Android 12 features we love: The Android runtime is now part of Project Mainline

Android 12
Android 12 (Image credit: Jerry Hildenbrand / Android Central)

Android 12 is here for those willing to try their luck with beta software but it will be coming in its final form sometime later in 2021. There are plenty of changes — both under the hood and things we can see — that make it one of the best updates we've received in quite a while, and one of them is something you've probably never thought about — the Android runtime will now be a part of Project Mainline.

This is an important change for every Android phone, from the best Android phone to the cheapest Android phone. But to understand how important it is, you need to know exactly what Project Mainline entails and what the Android runtime is. That's where we come in.

Project Mainline

Project Mainline

Source: Android Central (Image credit: Source: Android Central)

Project Mainline extends the work Google did with Project Treble to try and do two things: make it easier for phone makers to update their products faster and keep every phone more up-to-date regarding critical features and security issues. It debuted with Android 10, so it probably affects your phone even if you didn't know what it was or that it even existed.

Using a new way to unpack system components, Google uses Mainline to update things through the Google Play Store — in fact, one of the things it updates with Mainline is the Google Play Store. You get these updates seamlessly, and unless you dig deep into the settings, you don't even know when anything is getting updated.

Mainline lets Google update critical system components without having to send a full OTA update.

Mainline is simply a good way for Google to make sure things like the media codecs and media frameworks stay updated, the permissions controller is at the latest version, and all its networking components are ready for changes. Before Mainline, you needed a full system OTA (over the air) update for any of this to happen, and we all know how carriers and phone makers can drag their feet when it comes to OTA updates.

The Android runtime

One Ui Wishlist Apps

Source: Alex Dobie / Android Central (Image credit: Source: Alex Dobie / Android Central)

In a nutshell, the Android runtime is what it takes to makes the apps on your phone work. ART (that's the shorter name for it) translates an application's bytecode into instructions that the CPU in your phone can execute and, in turn, tell the rest of the hardware, like the display, to do stuff. ART uses what's known as ahead-of-time compilation to make the switch to machine code when an app is installed, and without it, your phone is just a piece of glass with a battery inside.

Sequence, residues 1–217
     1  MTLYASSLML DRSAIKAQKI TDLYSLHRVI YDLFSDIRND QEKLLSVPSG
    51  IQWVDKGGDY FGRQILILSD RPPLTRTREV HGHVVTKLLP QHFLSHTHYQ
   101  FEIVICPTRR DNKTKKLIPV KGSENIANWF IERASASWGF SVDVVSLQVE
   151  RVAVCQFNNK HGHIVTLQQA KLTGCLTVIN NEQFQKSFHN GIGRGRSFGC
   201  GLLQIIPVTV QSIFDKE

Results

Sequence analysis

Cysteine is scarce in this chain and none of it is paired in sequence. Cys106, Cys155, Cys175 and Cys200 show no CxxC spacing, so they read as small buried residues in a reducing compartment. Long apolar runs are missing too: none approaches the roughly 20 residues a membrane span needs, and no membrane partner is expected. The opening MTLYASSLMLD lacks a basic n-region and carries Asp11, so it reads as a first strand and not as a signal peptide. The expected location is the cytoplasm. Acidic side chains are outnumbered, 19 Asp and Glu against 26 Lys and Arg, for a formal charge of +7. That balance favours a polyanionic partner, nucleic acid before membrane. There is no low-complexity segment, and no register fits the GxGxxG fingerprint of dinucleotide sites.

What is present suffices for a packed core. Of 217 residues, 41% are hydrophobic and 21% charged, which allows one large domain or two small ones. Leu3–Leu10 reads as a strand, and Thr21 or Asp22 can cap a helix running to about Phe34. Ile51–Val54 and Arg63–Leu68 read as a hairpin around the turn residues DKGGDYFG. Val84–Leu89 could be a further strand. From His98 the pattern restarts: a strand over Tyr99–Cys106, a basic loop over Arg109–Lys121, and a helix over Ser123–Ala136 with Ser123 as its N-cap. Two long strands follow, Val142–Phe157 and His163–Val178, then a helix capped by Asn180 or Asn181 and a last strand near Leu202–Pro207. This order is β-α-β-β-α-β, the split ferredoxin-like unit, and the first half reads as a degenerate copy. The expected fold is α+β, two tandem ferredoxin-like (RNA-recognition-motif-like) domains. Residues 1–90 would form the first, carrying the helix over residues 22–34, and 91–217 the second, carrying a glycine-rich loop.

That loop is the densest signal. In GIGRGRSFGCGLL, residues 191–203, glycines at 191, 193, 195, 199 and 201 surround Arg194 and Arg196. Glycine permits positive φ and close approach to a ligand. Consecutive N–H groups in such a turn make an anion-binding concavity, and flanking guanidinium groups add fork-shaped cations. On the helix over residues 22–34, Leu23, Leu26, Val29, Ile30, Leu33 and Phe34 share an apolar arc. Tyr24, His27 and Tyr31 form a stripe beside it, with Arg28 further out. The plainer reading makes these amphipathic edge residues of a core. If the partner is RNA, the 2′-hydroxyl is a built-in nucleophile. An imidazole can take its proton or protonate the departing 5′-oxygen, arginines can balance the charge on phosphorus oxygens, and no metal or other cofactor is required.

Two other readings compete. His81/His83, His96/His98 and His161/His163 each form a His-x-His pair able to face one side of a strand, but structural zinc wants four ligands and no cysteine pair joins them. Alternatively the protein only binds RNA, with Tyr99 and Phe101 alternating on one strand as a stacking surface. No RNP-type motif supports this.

With ART as a Project Mainline module, Google can update it without any OTA update. That means every phone maker will have to include an unaltered version of ART that's been digitally signed by Google, and that gives Google more control over how apps work.

Every app in Google Play needs to work on every phone that can install it. This helps achieve that goal.

Normally, Google having more control can be worrisome. But when it comes to how applications work, it's important for every app in the Play Store to work the same on every Android phone that can install it. Developers need this peace of mind; making a great app then finding out it doesn't work well on some phones is a hassle and can be almost impossible to fix.

As a bonus, any sort of security exploits that could be found in how the Android runtime works could be quickly and easily fixed across the entire Android ecosystem, which is equally important.

A big part of the allure of Android to phone makers and carriers is how it can be customized. But some things need to stay consistent, and the Android runtime is one of those things. Seeing Google put it into Project Mainline is a great thing for every Android user.

Jerry Hildenbrand
Senior Editor — Google Ecosystem

Jerry is an amateur woodworker and struggling shade tree mechanic. There's nothing he can't take apart, but many things he can't reassemble. You'll find him writing and speaking his loud opinion on Android Central and occasionally on Twitter.